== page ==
• Alissa - July 5, 2017 - 10:40 PM

    I wonder if your dear readers, or you, know of a good place to get some advice on curtain styles. I am making my own curtains since I live in a MCM glass house that requires custom curtains (that’s a YIKES curtain bill). I have tracks due to the architecture, and want to use a double pinch pleat outer blackout/WarmWindows drape and a sheer inner with a looser wave heading. It’s OK to mix the headings, right? It seems weird not to use two different style headings when you have two layers.

    This project must commence before the husband becomes the talk of the neighborhood for never wearing pants in the house.ReplyCancel

    • Laurel Bern - July 5, 2017 - 11:05 PM

      Hi Alissa,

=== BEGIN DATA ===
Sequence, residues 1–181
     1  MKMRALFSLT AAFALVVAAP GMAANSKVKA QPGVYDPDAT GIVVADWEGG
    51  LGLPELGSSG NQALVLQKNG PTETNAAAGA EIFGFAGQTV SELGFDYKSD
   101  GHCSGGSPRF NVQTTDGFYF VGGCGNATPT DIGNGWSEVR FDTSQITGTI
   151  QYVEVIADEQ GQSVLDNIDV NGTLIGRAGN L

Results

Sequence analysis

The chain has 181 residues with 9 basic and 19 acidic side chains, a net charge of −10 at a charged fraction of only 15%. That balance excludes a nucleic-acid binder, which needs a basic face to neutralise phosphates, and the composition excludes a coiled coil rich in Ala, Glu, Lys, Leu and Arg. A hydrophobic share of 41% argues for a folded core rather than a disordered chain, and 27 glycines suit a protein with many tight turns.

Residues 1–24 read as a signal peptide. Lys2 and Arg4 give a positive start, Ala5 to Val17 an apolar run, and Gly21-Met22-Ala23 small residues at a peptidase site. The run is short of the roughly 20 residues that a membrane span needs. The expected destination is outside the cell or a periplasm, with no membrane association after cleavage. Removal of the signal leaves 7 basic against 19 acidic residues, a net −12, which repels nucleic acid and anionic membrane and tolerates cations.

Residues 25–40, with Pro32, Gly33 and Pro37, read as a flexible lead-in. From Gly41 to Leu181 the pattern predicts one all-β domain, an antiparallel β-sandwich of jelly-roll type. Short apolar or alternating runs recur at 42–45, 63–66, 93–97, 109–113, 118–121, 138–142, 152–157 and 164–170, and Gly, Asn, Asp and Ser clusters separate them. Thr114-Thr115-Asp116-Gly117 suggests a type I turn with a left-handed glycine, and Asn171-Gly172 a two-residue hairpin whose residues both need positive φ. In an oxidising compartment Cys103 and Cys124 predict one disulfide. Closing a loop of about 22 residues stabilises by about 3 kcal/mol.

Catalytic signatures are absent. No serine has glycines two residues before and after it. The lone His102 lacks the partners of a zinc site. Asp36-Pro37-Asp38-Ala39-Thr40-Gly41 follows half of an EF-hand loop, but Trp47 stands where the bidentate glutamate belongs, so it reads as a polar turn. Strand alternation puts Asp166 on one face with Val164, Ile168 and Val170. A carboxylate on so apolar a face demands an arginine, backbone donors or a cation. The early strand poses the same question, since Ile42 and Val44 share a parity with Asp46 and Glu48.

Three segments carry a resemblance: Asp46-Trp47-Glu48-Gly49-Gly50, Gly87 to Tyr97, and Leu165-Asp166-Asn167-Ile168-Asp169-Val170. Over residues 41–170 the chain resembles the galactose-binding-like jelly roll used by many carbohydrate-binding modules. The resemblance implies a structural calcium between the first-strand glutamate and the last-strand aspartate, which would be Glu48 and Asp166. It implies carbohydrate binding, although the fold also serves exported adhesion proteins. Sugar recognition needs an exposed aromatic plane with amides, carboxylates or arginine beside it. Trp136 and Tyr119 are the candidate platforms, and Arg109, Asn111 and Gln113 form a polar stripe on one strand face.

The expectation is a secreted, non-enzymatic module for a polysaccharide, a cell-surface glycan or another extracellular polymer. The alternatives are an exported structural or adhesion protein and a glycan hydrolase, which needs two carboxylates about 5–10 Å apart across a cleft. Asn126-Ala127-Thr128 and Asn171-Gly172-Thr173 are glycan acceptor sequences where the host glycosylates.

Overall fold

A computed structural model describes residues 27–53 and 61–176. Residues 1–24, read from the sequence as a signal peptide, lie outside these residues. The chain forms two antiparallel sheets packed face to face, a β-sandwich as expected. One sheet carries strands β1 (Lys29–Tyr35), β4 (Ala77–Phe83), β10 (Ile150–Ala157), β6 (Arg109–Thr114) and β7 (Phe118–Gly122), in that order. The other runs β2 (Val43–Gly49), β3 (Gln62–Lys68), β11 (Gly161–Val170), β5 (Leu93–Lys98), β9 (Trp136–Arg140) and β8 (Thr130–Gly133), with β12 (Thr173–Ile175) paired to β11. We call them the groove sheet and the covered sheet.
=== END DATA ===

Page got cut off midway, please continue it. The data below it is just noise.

I know that you mean well,

      however, I would very much prefer not to turn the comments into a forum whereby people are using them to elicit specific help from other readers. The comments are supposed to be related only to the post and your own past experiences. I hope that’s understandable why it could be a source of potential conflict.

      If you are having a specific issue, there are forums out there, like the garden web on houzz and others, where folks live to answer people’s questions. Or, you can do what I often do. Google it. Or, hire a design pro for a consultation.

      Hope that helps!ReplyCancel

      • Alissa - July 6, 2017 - 8:03 AM

        Totally understandable. Thanks for the tip on Houzz. And a design consultation is a great idea! 🙂ReplyCancel

  • Kris Betts - July 5, 2017 - 9:58 PM

    Laurel I’ve had good luck with estate sales and eBay for custom curtains. I have a curtain lady that will measure and cut to fit my windows.
    My living room curtains are an old Pierre Frey toile, the curtains came from the Beverly Wishire, The Pretty a Woman hotel.
    They’re a conversation if anythingReplyCancel